What are the rheological properties of graphene polymers?

What are the rheological properties of graphene polymers?

It has been observed that the degree to which graphene is dispersed in the polymer matrix can affect the flow or rheological properties of polymer composites. As a result, the most important properties of the nanoscale materials are sensitive to the spreading quality. This article aims to highlight the importance of rheological analysis in graphene polymer research.

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The role of graphene in polymer composite

Polymer-based nanocomposites have attracted a significant amount of research attention in recent decades. This is because a very minimal nanofiller enables improved properties compared to their corresponding unfilled counterparts, creating new perspectives for the ongoing demand for advanced polymer composites. In this context, a wide range of nanofillers such as ceramics, metals and carbon-based fillers have been embedded in a polymer matrix to produce high performance materials that can continuously expand polymer markets.

Graphene nanofillers have shown great potential for the framework of new polymer-based nanocomposites due to their low density, exceptional mechanical, electronic properties and high thermal conductivity.

However, the potential of graphene to provide improved properties when loaded into polymers is strongly dependent on its dispersion state in the host matrix; in fact, graphene tends to aggregate when immersed in a viscous medium, and this situation limits the full realization of their theoretically inherent advantages.

Rheological analysis and its significance in graphene / polymer research

A very effective tool for monitoring the state of dispersion of graphene in a polymeric matrix is ​​the evaluation of its rheological properties, such as viscosity and viscoelastic properties. The graphene dispersion state and the degree of polymer-graphene interaction significantly affect the viscoelastic properties of polymer nanocomposites. As a result, the concentration of graphene significantly affects the continuous graphene network throughout the host polymer.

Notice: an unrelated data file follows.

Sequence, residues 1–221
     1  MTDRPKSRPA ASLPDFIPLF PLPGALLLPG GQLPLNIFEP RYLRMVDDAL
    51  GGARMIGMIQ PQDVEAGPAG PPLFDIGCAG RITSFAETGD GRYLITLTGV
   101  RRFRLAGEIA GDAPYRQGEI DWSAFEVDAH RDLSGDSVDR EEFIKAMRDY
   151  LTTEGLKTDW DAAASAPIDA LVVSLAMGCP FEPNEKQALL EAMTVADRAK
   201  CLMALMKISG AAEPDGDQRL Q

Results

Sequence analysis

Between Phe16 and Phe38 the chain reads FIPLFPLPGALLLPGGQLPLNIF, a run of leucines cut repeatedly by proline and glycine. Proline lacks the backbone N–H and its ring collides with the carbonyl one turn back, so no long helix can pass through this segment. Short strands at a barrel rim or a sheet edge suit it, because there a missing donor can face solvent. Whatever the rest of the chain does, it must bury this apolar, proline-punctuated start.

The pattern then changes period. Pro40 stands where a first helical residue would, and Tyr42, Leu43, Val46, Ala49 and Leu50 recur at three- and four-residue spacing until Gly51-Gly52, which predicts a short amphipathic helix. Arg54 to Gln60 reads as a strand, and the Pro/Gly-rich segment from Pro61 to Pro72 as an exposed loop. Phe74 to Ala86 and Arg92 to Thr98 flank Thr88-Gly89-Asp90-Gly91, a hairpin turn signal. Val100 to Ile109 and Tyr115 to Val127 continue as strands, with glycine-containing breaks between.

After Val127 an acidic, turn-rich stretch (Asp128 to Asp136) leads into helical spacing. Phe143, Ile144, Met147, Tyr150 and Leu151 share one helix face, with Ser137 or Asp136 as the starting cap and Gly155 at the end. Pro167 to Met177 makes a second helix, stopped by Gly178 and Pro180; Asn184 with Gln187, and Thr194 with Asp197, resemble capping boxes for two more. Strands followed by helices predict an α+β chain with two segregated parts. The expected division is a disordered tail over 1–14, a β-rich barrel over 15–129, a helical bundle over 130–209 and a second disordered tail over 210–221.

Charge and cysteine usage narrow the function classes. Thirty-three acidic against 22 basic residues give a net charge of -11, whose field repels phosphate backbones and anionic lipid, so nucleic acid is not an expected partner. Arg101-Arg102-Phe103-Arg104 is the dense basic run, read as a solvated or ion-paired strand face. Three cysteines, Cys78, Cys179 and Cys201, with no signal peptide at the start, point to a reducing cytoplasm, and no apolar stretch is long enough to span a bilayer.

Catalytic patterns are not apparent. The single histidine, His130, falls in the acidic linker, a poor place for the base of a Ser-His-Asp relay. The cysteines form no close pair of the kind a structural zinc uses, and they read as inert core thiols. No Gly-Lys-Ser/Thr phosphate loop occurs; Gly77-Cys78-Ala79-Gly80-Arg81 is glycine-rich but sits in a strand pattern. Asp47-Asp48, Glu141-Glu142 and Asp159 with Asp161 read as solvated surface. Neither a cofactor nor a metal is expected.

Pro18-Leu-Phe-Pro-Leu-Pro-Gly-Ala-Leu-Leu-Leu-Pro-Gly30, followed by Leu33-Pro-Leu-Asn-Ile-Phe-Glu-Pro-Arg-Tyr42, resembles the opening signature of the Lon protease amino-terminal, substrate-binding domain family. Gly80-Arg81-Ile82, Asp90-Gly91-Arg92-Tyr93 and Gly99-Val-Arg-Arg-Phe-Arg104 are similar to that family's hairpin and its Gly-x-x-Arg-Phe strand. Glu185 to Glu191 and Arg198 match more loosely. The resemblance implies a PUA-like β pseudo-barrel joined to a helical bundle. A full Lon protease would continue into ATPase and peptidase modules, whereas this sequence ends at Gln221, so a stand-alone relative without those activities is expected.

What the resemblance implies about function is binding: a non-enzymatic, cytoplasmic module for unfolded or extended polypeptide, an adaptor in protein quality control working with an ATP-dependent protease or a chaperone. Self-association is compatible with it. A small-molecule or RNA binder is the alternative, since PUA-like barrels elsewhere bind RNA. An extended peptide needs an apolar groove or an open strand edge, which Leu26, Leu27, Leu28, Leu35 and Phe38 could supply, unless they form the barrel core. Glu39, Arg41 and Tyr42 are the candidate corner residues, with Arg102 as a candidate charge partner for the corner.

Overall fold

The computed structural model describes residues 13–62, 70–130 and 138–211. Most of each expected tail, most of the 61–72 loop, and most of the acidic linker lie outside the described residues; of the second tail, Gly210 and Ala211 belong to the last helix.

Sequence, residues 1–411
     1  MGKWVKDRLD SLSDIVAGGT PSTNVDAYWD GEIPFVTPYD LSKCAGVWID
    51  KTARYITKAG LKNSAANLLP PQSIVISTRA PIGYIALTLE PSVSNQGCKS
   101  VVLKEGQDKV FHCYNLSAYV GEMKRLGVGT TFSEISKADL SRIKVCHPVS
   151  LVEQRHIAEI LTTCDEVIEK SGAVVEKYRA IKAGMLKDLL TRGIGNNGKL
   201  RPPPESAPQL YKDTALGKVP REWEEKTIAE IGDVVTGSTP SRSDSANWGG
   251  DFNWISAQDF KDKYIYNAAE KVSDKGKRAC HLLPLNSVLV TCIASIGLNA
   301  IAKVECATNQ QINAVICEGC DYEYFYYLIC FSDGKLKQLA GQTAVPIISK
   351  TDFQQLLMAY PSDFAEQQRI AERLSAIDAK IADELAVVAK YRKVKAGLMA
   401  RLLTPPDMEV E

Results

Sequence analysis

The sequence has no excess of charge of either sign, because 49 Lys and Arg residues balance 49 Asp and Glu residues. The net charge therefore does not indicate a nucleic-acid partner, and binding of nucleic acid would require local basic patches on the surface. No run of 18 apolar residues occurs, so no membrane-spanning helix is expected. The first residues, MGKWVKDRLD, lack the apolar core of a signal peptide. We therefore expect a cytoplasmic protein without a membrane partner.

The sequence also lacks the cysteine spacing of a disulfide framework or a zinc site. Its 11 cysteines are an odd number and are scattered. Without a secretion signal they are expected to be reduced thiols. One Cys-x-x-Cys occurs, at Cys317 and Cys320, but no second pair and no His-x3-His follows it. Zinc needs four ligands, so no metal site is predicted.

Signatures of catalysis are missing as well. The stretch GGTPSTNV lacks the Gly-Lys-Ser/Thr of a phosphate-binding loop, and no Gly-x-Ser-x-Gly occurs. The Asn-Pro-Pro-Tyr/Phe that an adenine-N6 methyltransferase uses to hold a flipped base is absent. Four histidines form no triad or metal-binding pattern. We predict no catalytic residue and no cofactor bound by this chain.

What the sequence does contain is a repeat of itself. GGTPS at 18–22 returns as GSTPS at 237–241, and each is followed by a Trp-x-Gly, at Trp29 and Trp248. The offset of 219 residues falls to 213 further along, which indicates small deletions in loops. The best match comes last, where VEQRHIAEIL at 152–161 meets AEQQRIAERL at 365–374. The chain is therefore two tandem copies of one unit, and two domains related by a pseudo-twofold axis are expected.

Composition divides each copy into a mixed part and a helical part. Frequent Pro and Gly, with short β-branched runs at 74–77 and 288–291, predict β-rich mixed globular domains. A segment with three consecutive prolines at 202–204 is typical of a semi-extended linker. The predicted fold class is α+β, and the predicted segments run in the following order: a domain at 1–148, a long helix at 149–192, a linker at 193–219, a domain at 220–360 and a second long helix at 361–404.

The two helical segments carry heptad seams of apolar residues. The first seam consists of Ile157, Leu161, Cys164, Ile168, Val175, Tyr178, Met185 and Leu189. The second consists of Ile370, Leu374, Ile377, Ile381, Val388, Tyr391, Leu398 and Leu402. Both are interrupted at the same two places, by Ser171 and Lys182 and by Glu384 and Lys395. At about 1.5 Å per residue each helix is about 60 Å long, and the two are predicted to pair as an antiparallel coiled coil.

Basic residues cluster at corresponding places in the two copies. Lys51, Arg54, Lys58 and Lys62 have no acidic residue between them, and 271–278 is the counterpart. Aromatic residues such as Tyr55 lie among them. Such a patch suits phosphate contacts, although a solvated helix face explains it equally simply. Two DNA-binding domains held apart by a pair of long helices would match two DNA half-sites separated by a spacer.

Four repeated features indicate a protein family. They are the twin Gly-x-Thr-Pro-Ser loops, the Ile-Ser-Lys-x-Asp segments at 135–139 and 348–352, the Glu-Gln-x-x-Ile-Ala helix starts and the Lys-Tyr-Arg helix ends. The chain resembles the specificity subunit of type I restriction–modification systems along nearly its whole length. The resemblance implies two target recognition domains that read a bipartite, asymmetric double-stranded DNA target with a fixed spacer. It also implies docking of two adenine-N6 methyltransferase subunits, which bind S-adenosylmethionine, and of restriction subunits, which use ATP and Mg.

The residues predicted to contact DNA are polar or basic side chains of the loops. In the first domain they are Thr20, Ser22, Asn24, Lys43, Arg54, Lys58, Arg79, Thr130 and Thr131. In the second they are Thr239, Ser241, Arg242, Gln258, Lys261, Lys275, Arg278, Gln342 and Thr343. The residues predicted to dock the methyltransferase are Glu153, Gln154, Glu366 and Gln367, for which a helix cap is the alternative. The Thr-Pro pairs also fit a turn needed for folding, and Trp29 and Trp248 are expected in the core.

The resulting polymer network becomes increasingly interconnected as the amount of graphene increases. It eventually reaches a critical concentration, known as the rheological percolation threshold, at which a mechanically efficient network is formed between the graphene and the polymer. The concentration and distribution of the graphene filler determine this point.

The rheological behavior of the graphene dispersed in a polymer matrix can generally be divided into three states. At low nanofill load, the incorporation of the graph results in only short-distance interactions; this is known as the dilution regime. The emergence of a percolation network occurs when the nanofill content increases, resulting in a shift from the diluted to the semi-diluted state; in this state, the rheological behavior of the nanocomposite is dependent on the interactions between filler and polymer.

When the graphene content exceeds the percolation threshold, the concentrated state is reached, and the rheological functions approach asymptotic values, with extremely high viscosity and dynamic modulus.